When being a bogey golfer becomes editorial fodder
January 9, 2015
At his current rate, President Obama may surpass 300 18-hole rounds of golf before he completes his second term.
I have no problem with that.
Not everyone shares my opinion, however, judging from the reactions to a recent bit of buffing-up given by the New York Times to the President’s golf game and his continuing addiction to the sport.
The Jan. 3 article by NYT reporter Michael S. Schmidt lightly discusses Mr. Obama’s short drives, his extra shots to make the green, and struggles with his putter once he made it onto the putting surfaces.
That’s not unusual for a bogey golfer, whether or not he’s the President.
Schmidt also contrasted former President Clinton’s golfing past, complete with press releases for good rounds and a very relaxed approach to both mulligans and scoring, to the relatively guarded commentary about the current incumbent’s style of play.
The dozens of rounds since Mr. Obama first took office appear to be helping, according to Schmidt’s piece. Recent stories seeped out about rounds in the low 80s, compared to the 90s and 100s that were occasionally mentioned.
Schmidt also quoted a golfer who plays with Mr. Obama in completing his piece, in which the golfer suggested a connection between the President’s golf game and his qualities as President: “He’s honest, he keeps his composure through terrible adversity, he’s unruffled, he smiles, and he doesn’t quit.”
Those concluding remarks were probably what sparked the newest round of punditry about the NYT article. An article in the Jan. 5 Washington Examiner quoted Geraldo Rivera’s charge that the piece was “a big, fat, wet kiss for the president.” A reporter for the Houston Chronicle asked if the article was “for real?”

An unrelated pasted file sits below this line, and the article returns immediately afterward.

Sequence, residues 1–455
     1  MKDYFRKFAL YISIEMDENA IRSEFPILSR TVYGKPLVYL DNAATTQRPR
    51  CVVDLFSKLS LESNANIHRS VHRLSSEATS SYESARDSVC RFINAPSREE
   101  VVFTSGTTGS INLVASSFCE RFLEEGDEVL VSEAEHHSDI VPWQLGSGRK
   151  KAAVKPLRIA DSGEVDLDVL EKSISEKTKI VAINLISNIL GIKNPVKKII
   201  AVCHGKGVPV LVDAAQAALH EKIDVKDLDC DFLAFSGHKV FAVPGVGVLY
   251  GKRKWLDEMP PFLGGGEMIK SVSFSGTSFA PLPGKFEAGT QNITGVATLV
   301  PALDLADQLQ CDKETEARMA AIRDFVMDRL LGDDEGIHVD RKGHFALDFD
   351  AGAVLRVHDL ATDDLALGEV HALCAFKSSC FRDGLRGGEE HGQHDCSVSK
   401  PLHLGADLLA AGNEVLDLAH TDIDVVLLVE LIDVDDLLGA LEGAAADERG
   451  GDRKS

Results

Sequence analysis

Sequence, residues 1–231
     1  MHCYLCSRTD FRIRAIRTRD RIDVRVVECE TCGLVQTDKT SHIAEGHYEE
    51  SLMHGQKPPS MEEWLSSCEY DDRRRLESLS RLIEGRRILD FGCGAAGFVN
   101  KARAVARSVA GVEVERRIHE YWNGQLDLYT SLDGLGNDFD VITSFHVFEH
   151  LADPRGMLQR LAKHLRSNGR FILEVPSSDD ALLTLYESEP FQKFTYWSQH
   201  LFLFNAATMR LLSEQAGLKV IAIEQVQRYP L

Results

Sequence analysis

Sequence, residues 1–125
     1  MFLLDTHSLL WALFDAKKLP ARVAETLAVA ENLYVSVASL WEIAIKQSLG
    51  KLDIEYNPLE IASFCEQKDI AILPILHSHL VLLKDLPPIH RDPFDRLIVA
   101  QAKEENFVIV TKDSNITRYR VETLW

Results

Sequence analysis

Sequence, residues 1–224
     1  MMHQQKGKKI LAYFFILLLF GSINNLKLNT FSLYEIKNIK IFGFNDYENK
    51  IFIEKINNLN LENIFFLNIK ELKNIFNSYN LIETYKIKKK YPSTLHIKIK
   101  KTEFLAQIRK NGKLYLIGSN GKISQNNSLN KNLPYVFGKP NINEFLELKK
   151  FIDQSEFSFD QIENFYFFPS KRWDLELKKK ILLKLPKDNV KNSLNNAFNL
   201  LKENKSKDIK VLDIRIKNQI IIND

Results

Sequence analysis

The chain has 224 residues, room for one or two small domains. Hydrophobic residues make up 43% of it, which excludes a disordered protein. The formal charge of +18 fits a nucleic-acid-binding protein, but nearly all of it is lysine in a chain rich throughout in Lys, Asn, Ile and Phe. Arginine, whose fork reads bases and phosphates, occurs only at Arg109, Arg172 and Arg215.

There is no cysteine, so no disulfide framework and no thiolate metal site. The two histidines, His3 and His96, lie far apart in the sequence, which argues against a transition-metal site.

Even Eric Boehlert of Media Matters, a liberal outfit, was reportedly dismissive of the piece.
I’m not sure what all the fuss was about. After all, this was an article in the New York Times. That paper has never been known for its hard-hitting approach to covering the Obama presidency, on or off the course.
I wasn’t all that bothered by the semi-fawning quote about the President from one of his golfing buddies, either. It’s not as if the President has been playing golf with Fox News’ Sean Hannity or talk radio’s Mark Levin, for whom any such favorable commentary about the President is rare to non-existent.
I think the best explanation for this mini-rhubarb over journalistic choices is that the story was published Jan. 3, at the end of the Christmas holiday period.
Slow news days seem to spur some folks to make more out of something than it is.
Lift, don’t clean, and be careful how you replace
A recent Ruling of the Day at the United States Golf Association website discussed a situation that can often come up when playing winter golf.
In wet conditions, it’s not unusual for mud to adhere to the golf ball. Under certain golf Rules, however, a player can lift the ball, without cleaning it, and replace it on the turf.
Many golfers don’t like to have the mud come between the club face and the ball at impact. The mud will not only spatter all over, but it can easily affect the flight of the ball.
According to the USGA, it’s okay to replace the ball on the spot from which it was lifted, with the mud rotated away from the likely club fact impact spot.
However, the muddy side should not be put underneath the ball when replaced. That would be akin to teeing up the ball on the fairway, and a therefore a violation of the Rules.